“Everything has its wonders, even darkness and silence, and I learn, whatever state I may be in, therein to be content.” –Helen Keller , The Story of My Life.
Having completed the subsections on the lessons of the ancient and later thinkers and of psychology in the seeking of contentment, I move now to some special considerations; first silence, then solitude, and finally asceticism. We start today with silence.
It does not take a philosopher or spiritualist to recognize we live in a very noisy world, not just one of random, nearly inescapable background clatter, but also one teeming with technological distractions such as television, computers, and cell phones. Noise and distractions invade our lives 24 hours per day 365 days per year. The result is overstimulation and a mind seldom at rest while awake. Achieving contentment in a feverish world represents a tremendous hurdle but one which philosophers have addressed.
Silence as the path to contentment has three nuances: (1) quiet, (2) attentive listening, and (3) quietude. The first of these is the most accessible, possible by the mere separation from sounds through changing one’s environment or sound-canceling devices. In the quiet of a remote wood or sound-protected, device-free civilized space we discover a kind of calm that is refreshing and invigorating. We encounter an abrupt peace of mind, but learn this alone is not sufficient for enduring contentment.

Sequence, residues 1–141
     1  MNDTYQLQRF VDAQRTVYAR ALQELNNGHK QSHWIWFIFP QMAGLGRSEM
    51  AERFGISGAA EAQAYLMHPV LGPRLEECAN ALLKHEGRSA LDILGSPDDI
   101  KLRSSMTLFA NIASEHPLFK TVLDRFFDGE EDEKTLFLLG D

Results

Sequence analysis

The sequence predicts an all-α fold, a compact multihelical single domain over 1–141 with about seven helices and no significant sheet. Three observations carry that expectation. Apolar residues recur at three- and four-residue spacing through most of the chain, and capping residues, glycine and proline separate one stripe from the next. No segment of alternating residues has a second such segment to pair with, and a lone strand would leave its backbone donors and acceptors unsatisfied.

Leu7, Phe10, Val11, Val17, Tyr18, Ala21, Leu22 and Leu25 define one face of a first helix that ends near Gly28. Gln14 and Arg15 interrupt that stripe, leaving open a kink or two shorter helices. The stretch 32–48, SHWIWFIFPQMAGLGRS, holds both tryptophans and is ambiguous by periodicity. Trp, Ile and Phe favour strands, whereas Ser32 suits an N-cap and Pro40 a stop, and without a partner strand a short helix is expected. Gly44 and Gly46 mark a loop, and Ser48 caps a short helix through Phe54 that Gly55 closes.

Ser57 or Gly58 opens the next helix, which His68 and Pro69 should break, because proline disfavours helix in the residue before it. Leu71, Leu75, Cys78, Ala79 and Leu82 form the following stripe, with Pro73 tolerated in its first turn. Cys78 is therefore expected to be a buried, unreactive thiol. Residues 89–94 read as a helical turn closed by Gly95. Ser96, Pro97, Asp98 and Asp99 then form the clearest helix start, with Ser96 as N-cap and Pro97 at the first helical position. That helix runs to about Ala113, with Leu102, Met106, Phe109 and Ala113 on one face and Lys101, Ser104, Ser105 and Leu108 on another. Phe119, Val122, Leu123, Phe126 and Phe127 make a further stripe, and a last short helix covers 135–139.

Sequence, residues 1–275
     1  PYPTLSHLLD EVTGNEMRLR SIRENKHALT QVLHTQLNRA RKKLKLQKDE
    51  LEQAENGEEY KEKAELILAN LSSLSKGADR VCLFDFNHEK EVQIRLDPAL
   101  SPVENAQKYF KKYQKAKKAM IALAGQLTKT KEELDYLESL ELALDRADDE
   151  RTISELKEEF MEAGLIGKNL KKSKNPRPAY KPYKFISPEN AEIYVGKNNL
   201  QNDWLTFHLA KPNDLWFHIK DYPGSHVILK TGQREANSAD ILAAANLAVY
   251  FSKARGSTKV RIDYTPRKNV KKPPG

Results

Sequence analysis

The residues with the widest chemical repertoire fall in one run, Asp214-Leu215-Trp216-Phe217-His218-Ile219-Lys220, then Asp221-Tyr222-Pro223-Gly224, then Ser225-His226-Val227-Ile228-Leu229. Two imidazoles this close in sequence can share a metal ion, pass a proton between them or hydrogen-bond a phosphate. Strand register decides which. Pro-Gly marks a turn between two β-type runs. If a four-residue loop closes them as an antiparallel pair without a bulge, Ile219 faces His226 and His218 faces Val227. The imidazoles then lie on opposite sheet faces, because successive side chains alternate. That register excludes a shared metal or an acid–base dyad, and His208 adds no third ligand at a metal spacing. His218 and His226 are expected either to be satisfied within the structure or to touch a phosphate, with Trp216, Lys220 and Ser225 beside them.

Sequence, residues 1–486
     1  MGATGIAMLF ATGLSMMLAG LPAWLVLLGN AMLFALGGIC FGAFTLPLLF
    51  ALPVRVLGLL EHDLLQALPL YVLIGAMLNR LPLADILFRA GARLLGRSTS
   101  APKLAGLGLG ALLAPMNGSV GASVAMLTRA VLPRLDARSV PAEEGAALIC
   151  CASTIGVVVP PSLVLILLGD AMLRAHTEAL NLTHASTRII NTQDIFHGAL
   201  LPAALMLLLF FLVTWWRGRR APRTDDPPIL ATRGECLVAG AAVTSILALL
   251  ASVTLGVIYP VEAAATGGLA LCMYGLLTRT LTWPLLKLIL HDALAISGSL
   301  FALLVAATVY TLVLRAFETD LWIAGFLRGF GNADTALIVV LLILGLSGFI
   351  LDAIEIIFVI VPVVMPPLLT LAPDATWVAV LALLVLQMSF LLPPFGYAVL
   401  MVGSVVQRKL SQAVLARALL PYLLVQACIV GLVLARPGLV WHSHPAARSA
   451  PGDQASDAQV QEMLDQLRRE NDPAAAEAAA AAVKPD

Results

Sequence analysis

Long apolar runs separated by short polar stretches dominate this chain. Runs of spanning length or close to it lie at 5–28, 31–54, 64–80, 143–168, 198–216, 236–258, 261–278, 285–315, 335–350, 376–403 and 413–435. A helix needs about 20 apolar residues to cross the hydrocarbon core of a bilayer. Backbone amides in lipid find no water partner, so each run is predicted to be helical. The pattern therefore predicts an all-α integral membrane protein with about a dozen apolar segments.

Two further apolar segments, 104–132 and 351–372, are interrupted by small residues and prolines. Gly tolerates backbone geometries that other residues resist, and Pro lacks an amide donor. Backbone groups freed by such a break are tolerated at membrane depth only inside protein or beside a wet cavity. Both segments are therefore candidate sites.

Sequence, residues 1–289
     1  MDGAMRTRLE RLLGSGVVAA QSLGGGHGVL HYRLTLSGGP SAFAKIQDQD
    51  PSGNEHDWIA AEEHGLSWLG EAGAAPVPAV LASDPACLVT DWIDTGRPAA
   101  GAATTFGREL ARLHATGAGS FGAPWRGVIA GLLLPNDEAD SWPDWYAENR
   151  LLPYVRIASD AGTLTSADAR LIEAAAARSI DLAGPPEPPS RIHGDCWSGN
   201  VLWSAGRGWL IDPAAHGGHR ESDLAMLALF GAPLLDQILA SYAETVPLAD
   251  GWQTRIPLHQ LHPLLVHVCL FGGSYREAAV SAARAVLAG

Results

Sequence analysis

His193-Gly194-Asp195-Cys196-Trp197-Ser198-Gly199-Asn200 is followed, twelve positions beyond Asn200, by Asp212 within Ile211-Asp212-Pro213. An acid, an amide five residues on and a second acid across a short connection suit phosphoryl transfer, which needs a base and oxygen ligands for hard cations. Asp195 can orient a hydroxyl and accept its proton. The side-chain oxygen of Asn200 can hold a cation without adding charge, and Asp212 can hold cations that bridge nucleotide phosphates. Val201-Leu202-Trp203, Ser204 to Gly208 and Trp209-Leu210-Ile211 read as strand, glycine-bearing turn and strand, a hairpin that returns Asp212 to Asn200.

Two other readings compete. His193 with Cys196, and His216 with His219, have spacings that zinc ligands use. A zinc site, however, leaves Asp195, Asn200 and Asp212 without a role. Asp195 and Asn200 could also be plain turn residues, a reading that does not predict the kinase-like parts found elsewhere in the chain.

Greater tranquility is brought about by a further step – attentive listening to non-human reality. Consider Taoist teaching that we must have quiet to hear the silent universe and its ‘Grand Harmony.’ Anyone who has sat alone on a calm evening spellbound by the Milky Way or looking through a telescope at the silent dance of Jupiter’s moons knows what this means. But we also experience it in the Rocky Mountains watching a herd of rams foraging in the distance and a million other places. While this calm lingers afterwards, it too is fleeting even if revisited frequently.
The greatest means to contentment inverts this phenomenon – the elimination of one’s own stirring and sounds through personal containment, that is, quietude as is achieved by speechlessness, the cessation of itinerant thought, and inaction. Hui Neng tells us such quietism is the means to liberation and enlightenment.:
“A conscious being alone understands what is meant by moving;
To those not endowed with consciousness the moving is unintelligible.
If you exercise yourself in the practice of keeping your mind unmoved,
The immovable you gain is that of one who has no consciousness.
If you are desirous of the truly immovable,
The immovable is in the moving itself,
And this immovable is truly the immovable one.
There is no seed of Buddhahood where there is no consciousness.
Mark how varied are the aspects of the immovable one,
And know that the first reality is immovable.
Only when this reality is attained
Is the true working of suchness understood.”1
(continued next post)
1Huxley, Aldous, The Perennial Philosophy. Harper & Brothers Publishers, New York and London, 1945. Page 65.